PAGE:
From Publishers Weekly
Having recently published an indictment of Christian fundamentalist intolerance in the U.S. (Stealing Jesus
), New York native Bawer relocated to Europe with his Norwegian partner in 1998 and found an even more dangerous strain of religious and cultural bigotry ensnaring Western Europe. A swarming menace called radical Islam, he writes, rings Europe's cities in smoldering Muslim ghettos, provoking everything from so-called honor killings and political assassinations to the Madrid subway bombings and the massacre of school children in Beslan. Worse, the Taliban-like theocracy Bawer sees looming inside backward immigrant populations resistant to integration flourishes under the protective wing of Western Europe's America-bashing, multicultural, liberal establishment. The latter correspond to the appeasers of Nazi Germany, in Bawer's view, since he believes that radical Islamism is every bit the threat to Western civilization that Nazism was. He scoffs at talk of "understanding" or "dialogue," indeed, at any but the most muscular response hitching Europe ever tighter to the U.S. war on terror. His clash-of-civilizations outlook means real issues often get washed away by sweeping statements designed to tar Europe's Muslims with one irredeemably hostile, welfare-sponging brush, while trading in well-worn stereotypes about virtuous American "realists" and corrupt European "idealists." (Mar.)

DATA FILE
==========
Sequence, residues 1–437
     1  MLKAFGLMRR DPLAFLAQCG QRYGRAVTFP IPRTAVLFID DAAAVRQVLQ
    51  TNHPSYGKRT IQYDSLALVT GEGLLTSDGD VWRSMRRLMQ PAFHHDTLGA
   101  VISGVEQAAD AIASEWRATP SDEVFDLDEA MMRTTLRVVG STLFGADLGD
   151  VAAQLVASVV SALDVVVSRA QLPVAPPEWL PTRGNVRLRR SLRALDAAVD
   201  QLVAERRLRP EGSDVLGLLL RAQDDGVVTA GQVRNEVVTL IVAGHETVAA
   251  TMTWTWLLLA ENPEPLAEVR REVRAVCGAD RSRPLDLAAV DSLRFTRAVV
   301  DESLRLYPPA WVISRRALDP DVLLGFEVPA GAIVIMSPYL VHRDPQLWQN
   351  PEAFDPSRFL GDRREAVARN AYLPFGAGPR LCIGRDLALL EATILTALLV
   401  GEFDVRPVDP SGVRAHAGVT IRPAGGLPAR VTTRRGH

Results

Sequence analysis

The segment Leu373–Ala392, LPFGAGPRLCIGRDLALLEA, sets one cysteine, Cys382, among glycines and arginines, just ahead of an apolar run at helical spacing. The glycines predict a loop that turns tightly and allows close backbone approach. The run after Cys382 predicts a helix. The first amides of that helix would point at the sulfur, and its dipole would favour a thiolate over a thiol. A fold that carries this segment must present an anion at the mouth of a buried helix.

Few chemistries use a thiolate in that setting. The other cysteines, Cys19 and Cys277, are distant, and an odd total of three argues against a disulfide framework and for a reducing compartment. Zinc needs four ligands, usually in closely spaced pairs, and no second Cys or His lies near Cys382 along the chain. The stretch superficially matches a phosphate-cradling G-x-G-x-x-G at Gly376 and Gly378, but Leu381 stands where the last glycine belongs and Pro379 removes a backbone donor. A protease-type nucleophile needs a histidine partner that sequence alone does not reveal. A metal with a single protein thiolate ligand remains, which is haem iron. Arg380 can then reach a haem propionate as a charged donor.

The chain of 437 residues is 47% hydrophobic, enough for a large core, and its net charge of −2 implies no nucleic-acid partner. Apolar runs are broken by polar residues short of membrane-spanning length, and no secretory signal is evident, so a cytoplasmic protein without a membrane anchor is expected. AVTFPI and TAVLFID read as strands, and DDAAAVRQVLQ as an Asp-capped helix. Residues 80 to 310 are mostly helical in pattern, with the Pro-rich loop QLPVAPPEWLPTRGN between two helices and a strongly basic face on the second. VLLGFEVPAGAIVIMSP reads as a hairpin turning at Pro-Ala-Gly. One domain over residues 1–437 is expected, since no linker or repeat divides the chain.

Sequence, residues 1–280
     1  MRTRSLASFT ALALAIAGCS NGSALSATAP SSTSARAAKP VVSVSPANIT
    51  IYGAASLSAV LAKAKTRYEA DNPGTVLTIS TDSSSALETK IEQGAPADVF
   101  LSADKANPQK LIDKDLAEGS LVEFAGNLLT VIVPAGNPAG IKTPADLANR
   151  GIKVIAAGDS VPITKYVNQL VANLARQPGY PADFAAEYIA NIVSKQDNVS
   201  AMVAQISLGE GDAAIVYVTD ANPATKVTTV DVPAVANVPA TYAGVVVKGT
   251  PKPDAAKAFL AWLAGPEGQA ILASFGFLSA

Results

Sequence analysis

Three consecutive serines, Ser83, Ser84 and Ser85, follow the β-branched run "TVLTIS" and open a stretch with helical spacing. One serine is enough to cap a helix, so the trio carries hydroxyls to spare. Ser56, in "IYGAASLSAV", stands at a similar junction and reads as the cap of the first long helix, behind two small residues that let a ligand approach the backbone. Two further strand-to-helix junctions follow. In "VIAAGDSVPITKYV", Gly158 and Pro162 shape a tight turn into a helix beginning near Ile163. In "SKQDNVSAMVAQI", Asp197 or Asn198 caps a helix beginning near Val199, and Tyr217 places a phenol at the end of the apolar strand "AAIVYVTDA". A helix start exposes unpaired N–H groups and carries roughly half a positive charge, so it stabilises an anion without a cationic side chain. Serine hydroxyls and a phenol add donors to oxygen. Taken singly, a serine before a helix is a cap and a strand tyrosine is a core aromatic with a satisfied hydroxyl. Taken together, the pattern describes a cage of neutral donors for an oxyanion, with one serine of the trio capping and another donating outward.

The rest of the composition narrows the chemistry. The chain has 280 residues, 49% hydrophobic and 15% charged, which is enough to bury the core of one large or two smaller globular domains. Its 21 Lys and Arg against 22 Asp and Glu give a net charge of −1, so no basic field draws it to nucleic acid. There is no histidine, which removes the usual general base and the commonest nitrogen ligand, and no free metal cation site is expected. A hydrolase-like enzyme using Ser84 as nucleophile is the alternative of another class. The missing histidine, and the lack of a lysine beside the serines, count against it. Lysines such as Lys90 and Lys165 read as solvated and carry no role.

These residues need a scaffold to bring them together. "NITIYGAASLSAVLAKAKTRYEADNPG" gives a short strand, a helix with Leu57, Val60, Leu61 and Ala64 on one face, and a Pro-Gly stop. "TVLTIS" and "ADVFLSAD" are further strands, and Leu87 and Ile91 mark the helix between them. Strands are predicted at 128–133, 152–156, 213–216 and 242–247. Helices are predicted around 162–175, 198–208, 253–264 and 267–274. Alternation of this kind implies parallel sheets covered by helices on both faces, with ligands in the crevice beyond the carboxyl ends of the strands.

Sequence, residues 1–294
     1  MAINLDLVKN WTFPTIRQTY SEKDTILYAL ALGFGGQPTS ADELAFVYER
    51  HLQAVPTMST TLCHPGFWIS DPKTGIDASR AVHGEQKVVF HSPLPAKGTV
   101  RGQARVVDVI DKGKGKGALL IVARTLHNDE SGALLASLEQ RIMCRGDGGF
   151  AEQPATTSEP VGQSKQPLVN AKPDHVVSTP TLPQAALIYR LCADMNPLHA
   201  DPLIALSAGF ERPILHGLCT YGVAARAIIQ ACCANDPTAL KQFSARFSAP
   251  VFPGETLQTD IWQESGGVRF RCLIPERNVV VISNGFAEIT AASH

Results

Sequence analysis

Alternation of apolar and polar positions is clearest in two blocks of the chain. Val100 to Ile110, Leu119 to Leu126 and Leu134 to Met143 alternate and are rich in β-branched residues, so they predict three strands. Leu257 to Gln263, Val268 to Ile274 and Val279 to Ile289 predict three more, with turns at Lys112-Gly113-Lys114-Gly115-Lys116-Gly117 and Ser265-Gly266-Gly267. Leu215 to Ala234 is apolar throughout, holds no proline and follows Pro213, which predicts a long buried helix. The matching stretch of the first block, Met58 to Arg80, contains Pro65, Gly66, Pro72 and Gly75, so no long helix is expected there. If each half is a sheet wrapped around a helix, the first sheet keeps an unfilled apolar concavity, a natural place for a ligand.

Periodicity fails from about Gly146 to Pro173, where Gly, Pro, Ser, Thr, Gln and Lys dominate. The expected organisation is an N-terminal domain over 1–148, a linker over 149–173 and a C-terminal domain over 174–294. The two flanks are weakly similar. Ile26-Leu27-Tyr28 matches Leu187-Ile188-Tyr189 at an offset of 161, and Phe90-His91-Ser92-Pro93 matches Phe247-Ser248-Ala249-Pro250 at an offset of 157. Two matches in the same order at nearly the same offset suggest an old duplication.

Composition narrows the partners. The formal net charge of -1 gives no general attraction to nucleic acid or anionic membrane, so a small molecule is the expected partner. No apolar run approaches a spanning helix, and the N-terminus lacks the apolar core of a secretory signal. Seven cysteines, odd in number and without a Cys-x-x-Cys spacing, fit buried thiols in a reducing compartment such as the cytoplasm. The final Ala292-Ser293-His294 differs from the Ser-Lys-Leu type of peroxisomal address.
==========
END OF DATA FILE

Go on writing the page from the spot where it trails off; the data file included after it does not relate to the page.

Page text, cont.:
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Bruce Bawer, who has wrestled previously about American fundamentalism (Stealing Jesus
) and gay rights (A Place at the Table
), finds an equally contentious and compelling subject in the blind eye of European liberalism. Enchanted by the famed tolerance of Amsterdam, Bawer moved to Europe in 1998. But after settling in a predominantly Muslim neighborhood, the author noticed a society that offered "millions in aid, but not a penny in salary." Reviewers find Bawer an eloquent writer with his passion balanced between his American sensibilities and his European residence. The sharpest criticismthat a lack of a bibliography turns While Europe Slept
into an exercise in pamphleteeringdoesn't undermine the ultimate effectiveness, or importance, of Bawer's thesis.
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